Asian markets continued to see a good level of fresh enquiry and space has tightened a little. European business has also moved up a gear and on some routes it is more of a challenge to find prompt space. U.S. routes are all generally unchanged.
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It has not been such a strong start in the United States as in other areas but the overall picture is one of steady trades and a limited amount of January space. U.S. Gulf-to-Far East for instance. A prompt requirement for 10,000 tons of paraxylene from the U.S. Gulf to China is really struggling to find offers and may possibly end up on a small ship at something like $130 to $140 per ton.
Where there is space, towards the end of January and into February, owners are able to offer in the mid-high $90s/t, but the amount of enquiry surpasses the amount of readily available space and once those scheduled carriers have filled it will be up to outsiders to determine the rate levels. U.S. Gulf to India-Middle East Gulf is also busy, with some base oils talked among the enquiries of ethylene dichloride, aromatics and solvents. Freights are in the upper $90s/t basis for 5,000 ton parcels to west coast India.
Transatlantic eastbound has plenty of space among the regular players. Rates are generally steady as styrene traders have entered the market with a number of enquiries to Antwerp-Rotterdam-Amsterdam. U.S. Gulf-to-Caribbean is enjoying a decent spell of activity, and rates are stable to firm. U.S. Gulf-to east coast South America too is stable. The majority of requirements are for aromatics, caustic or ethanol, and we have yet to see any base oil interest.
There have been quite a lot of spot requirements in the North Sea and Baltic, in addition to a busy contractual scene. Securing space can be an issue and has been compounded by the bad weather that caused the suspension of a number of port pilot services in the region. In the Baltic, mild sea temperatures mean that there is no ice at all in the Gulf of Finland and even in the far north there is only thin ice. It will take several weeks of constant sub-zero temperatures to cause the ice to develop which means in effect only February base oil loadings could possibly be affected, and that assumes minus temperatures both day and night.
Heading southbound into the Mediterranean, there is quite a brisk trade in chemicals as well as base oils. Rates are stable to firm at the moment and it should be possible to book 3,000 ton base oils from Rotterdam to Marmara in the low-mid $60s/t, although a growing number of owners are taking a more bullish stance and are raising their freight ideas.
Northbound has been reasonably busy too and owners are generally quoting strong numbers. Inter-Mediterranean trades are also beginning to pick up speed, and although there are still ships that can be found, many lack the approvals necessary to load base oils from the main Mediterranean suppliers. Turkish demand for base oils would seem to be a little more encouraging from what is being seen on the freight market.
Transatlantic westbound is becoming stronger day by day. The most recent fixture for 5,000 tons of aromatics from Antwerp-Rotterdam-Amsterdam to U.S. Gulf is in the mid $50s/t, which is a big leap from the low $40s/t being done just after Christmas. Aromatics are driving the spot demand, and what is interesting is that the number of ships that are fully open in Europe and willing to take cargo in any direction has reduced sharply over the past month. This is also having an impact on freights on the Antwerp-Rotterdam-Amsterdam to Asia and Antwerp-Rotterdam-Amsterdam to India-Middle East Gulf routes.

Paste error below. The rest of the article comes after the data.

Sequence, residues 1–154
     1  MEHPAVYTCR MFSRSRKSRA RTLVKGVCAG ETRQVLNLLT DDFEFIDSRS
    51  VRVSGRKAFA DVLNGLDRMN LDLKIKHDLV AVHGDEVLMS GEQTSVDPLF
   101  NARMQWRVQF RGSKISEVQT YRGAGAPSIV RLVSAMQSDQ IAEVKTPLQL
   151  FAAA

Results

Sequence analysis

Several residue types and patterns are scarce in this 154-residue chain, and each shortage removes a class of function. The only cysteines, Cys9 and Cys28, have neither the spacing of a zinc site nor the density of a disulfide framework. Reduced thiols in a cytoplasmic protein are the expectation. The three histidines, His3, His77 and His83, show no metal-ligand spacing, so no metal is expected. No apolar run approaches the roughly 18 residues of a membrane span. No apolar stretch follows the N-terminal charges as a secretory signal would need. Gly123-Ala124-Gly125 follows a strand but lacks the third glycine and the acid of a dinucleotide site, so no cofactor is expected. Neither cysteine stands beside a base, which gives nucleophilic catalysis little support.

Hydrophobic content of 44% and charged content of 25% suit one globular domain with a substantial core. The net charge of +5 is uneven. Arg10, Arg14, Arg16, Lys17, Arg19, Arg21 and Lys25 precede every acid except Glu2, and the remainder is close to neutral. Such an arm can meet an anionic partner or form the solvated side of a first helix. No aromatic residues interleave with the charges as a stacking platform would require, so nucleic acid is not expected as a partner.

Rates from Antwerp-Rotterdam-Amsterdam to Mainport Far East have edged up to around $103/t for 5,000 ton parcels, but can be substantially higher if prompt loading is needed. Demand prior to the lunar holiday in China is strong, and the regular carriers are just about all full for January. Base oils are appearing for shipment into Spore. Base oils are also on the list of cargo requirements into India and the Middle East Gulf. Numbers are perhaps a little firmer too, with 5,000 ton parcels from Antwerp-Rotterdam-Amsterdam to west coast India commanding low-mid $80s/t.
It has been another week of steady spot volumes on the domestic Asia market, but nevertheless not that sufficient to soak up all the January ships, nor to cause freight rates to rise. Bad weather in parts of China is however causing some owners to re-think whether they send their ships into northern waters during the rest of the winter ice season. The reduction in available space has caused freights into those areas to firm by as much as $5/t.
Regarding Asia export markets, there are plenty of larger vessels open in the region during both January and February which are causing freight levels into the U.S. to soften. Rates to Europe and Africa however are holding steady, chiefly as a result of a slightly firmer palm oil market. Palm oils are a bit busier into India too, and at the same time there is slightly better demand for chemicals, which means that base oil shippers may see slightly stronger freights for cargoes into India and the Middle East Gulf.
Coming back out of the Middle East Gulf-India region, there has not been that much spot demand for larger cargoes eastbound which is beginning to drag down freight levels a little. Westbound demand is not that busy either but freight rates have remained stable.
Adrian Brown is senior market analyst for chemicals and base oils with SSY Shipbrokers, London. Information about SSY can be found at www.ssyonline.com. Adrian Brown, in the U.K., can be reached at email@example.com or by phone at +44 1207-507507. In the London office SSYs Jordi Maymi can be reached at firstname.lastname@example.org or +44 20 7977 7560.